The Warner Theatre's production of 'Something Rotten!' is something good

"Something Rotten" runs through Nov. 10 at the Warner Theatre.

“Something Rotten” runs through Nov. 10 at the Warner Theatre.

Warner Theatre / Contributed photo /

Warner Theatre, Torrington: There’s so much good in “Something Rotten!” at the Warner that the title is almost a misnomer. On the other hand, considering that the title is from a quote in Shakespeare’s “Hamlet,” it is most appropriate. The show is smart, though not innovative. It is clever and funny but not laugh-out-loud hysterical. However, it is without a doubt entertaining. Written by Karey Kirkpatrick and John O’Farrell with music and lyrics by Karey Kirkpatrick and Wayne Kirkpatrick, there are plenty of double entendres and enough allusions to great American musicals to satisfy the most ardent fans of musical theater.

Directed by Joe Guttadauro who keeps the pace moving and with Dan Ringuette as music director and Sharon W. Houk as choreographer, expect to be transported to the Renaissance era. Set during Shakespeare’s time, the Bottom brothers, two struggling playwrights, are not happy that they have to compete with the Bard, who everyone loves and adores. Nick the older brother seeks help from a relative of Nostradamus — Thomas. Nick wants to steal Shakespeare’s idea for his next play. Thomas Nostradamus gets things mixed up as he foretells the future. He tells Nick, that Shakespeare’s next play is going to be his masterpiece and is about something that sounds like an omelet. He adds that there’s something about ham in the play as well as something Danish. Therefore, Nick determines it must be a breakfast play. The soothsayer also says that Nick should consider making a musical, which leads to a string of historical references to the beginning of musicals. While this is fun throughout Act I, by the second Act it does get a bit tedious with one musical after another is continually alluded to.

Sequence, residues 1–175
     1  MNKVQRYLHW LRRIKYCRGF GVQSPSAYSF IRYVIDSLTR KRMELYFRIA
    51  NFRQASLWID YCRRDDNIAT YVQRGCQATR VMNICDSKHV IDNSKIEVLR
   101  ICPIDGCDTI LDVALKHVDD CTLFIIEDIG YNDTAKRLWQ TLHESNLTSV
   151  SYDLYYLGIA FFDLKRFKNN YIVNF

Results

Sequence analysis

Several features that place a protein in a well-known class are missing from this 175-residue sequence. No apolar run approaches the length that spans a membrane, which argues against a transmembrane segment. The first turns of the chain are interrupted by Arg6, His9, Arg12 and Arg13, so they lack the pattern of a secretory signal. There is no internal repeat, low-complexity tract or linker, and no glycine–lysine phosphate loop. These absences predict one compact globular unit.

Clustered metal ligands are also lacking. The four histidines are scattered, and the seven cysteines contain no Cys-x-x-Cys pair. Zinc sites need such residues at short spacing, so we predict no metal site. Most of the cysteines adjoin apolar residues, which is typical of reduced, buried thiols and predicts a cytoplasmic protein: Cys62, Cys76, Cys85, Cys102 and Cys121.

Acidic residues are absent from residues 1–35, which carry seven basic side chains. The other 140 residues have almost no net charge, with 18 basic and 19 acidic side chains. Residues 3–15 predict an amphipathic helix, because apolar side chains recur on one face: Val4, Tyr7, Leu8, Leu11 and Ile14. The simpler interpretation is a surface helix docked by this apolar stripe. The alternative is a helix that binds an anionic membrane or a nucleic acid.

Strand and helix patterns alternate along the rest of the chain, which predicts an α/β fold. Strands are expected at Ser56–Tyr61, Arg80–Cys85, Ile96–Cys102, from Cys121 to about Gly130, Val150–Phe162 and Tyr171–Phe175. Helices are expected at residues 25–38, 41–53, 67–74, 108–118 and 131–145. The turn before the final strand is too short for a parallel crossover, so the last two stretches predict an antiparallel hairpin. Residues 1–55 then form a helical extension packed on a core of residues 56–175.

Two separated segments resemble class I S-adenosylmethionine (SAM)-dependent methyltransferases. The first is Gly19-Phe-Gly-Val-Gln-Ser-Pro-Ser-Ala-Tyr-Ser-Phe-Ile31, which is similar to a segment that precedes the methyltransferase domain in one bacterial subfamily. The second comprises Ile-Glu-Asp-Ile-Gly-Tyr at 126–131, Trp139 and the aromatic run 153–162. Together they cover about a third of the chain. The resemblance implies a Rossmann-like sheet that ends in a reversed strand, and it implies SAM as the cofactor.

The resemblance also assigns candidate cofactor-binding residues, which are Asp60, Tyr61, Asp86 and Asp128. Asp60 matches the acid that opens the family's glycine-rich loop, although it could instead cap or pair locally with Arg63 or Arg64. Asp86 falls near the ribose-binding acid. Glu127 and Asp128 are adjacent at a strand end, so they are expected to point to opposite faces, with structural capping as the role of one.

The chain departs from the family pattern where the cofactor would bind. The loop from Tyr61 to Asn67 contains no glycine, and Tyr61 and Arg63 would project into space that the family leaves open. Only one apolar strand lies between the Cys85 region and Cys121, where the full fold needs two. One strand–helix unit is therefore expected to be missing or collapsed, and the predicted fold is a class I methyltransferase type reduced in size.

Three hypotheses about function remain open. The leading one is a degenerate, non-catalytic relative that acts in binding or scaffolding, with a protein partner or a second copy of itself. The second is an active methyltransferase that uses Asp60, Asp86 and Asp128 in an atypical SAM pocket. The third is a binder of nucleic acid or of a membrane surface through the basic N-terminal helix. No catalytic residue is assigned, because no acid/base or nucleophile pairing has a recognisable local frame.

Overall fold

Michael Ruby as the Minstrel starts the show off with a vivacious welcoming number, though there seemed to be something wrong with the piper’s pipe. John Ozerhoski makes a strong prim and not always so proper Puritan Brother Jeremiah while Erica Blasko as Portia has a voice you just want to keep listening to. All of the principal players did a fine job including Travis Karas as Shakespeeare who consistently delivers strong vocals as well as Frank Beaudry as Nick Bottom and Zachary Taylor as Nigel Bottom. Eric Lindblom did a solid rendering of a confused Thomas Nostradamus.

Others in the cast include: Rick Fountain, Patrick Hearn, Alyssa Bianca, Tyler Bard, Marc Costanzo, Jason Maur, Scott Iwanicki, John Mullen, Jr., and Eric Wilczak. Tap dancers include: Thaddeus Asheim, Caitlin Beaudry, Emily Flynn, Rick Fountain, Jenna Iacono, Jean-Marie McGrath, Emily Minor, Lyn Nagel, Charlie Pelletier, Roxie Quinn, Eric Wilczak Kristi Yurko, and Dylan Zawisza.

In addition to the cast and tap dancers is a large ensemble which performs well though talents range from fair to polished. I would be remiss if I didn’t point out that Renee C. Purdy’s and Thomas Gordon’s costume designs were quite exceptional, especially the dancers dressed as eggs. Joe Guttadauro and Stephen C. Houk’s set design worked well especially since the facades of the houses were easily moved on and off stage. Overall, this is a fine production and plays through Nov. 10. Box office: 860-489-7180.

Joanne Greco Rochman is an active member in the American Theatre Critics Association. She welcomes comments. Contact: